The Commission for Conciliation, Mediation and Arbitration (CCMA) has ruled that a group of former Dippin Blu Racing horse groomers from Port Elizabeth are entitled to claim unemployment benefits.
The CCMA has ruled that a group of former Dippin Blu Racing horse grooms from Port Elizabeth are entitled to claim unemployment benefits. Archive photo: Mkhuseli Sizani / GroundUp
The CCMA has ruled that a group of former Dippin Blu Racing horse grooms from Port Elizabeth are entitled to claim unemployment benefits.
They have been unable to claim UIF since March, while in dispute with the company owner.
The grooms say the ruling will bring much relief for those who have been unemployed for several months.
Representing the former grooms on Friday, Malibongwe Kayiyane, the provincial secretary of the Democratised Transport Logistics and Allied Workers Union, said that the Commissioner ruled that all of the dismissed workers will get their UIF.
“On 3 December we will sign that agreement with the employer,” he said.
The group first took the matter of their dismissals to the CCMA in March. But then they decided to drop the complaint so that they could apply for UIF, which they couldn’t do if the case was pending at the CCMA. In September, they discovered that the Department of Labour’s system showed that they had absconded from work, making them ineligible for UIF.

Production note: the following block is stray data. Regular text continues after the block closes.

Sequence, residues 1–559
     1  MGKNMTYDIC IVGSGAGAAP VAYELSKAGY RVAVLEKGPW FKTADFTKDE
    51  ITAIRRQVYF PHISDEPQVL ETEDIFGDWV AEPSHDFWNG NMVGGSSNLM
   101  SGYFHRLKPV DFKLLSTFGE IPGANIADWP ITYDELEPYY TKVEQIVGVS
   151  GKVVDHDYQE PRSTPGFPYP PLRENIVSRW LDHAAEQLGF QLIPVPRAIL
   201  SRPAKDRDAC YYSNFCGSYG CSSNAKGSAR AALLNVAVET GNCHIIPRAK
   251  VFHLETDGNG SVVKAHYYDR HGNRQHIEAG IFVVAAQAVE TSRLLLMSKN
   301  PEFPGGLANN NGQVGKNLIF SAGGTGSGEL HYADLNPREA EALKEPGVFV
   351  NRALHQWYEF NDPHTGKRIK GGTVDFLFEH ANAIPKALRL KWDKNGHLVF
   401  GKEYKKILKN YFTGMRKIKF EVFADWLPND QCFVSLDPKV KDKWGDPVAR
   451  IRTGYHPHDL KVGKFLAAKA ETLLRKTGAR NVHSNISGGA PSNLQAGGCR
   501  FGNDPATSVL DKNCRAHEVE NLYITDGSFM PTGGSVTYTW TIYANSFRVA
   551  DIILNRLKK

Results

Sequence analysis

Then on 17 September, they made national headlines when violent protests broke out at Dippin Blu Racing and the grooms reopened their CCMA complaint. The protest stemmed from an incident in February where a worker injured a horse. The stable owner says the worker stabbed the horse in the neck. The grooms dispute this, saying the worker mistakenly cut a horse’s ear.
The workers say they pleaded with the owner not to fire their colleague “because that mistake could happen to all of us”. In the ensuing dispute the worker and 39 others were fired instead.
After the CCMA ruling on Friday, one of the former grooms, Alfred Mhambi said the news was welcome as they had been struggling to make ends meet since losing their jobs. “I have five children back at home in Engcobo and I was unable to buy food for them. Our relatives and the community members have been helping us with food donations,” he said.
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